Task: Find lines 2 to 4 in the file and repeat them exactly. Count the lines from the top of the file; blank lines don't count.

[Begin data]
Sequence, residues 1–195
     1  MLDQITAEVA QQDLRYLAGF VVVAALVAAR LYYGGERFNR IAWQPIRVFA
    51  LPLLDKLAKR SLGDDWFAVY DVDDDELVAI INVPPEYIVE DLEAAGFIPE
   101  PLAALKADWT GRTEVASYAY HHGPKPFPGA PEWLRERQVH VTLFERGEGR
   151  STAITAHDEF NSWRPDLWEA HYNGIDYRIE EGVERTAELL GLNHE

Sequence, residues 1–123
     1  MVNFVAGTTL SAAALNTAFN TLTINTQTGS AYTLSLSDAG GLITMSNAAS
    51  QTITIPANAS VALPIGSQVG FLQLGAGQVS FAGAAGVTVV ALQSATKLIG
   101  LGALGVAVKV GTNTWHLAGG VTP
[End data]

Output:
     1  MLDQITAEVA QQDLRYLAGF VVVAALVAAR LYYGGERFNR IAWQPIRVFA
    51  LPLLDKLAKR SLGDDWFAVY DVDDDELVAI INVPPEYIVE DLEAAGFIPE
   101  PLAALKADWT GRTEVASYAY HHGPKPFPGA PEWLRERQVH VTLFERGEGR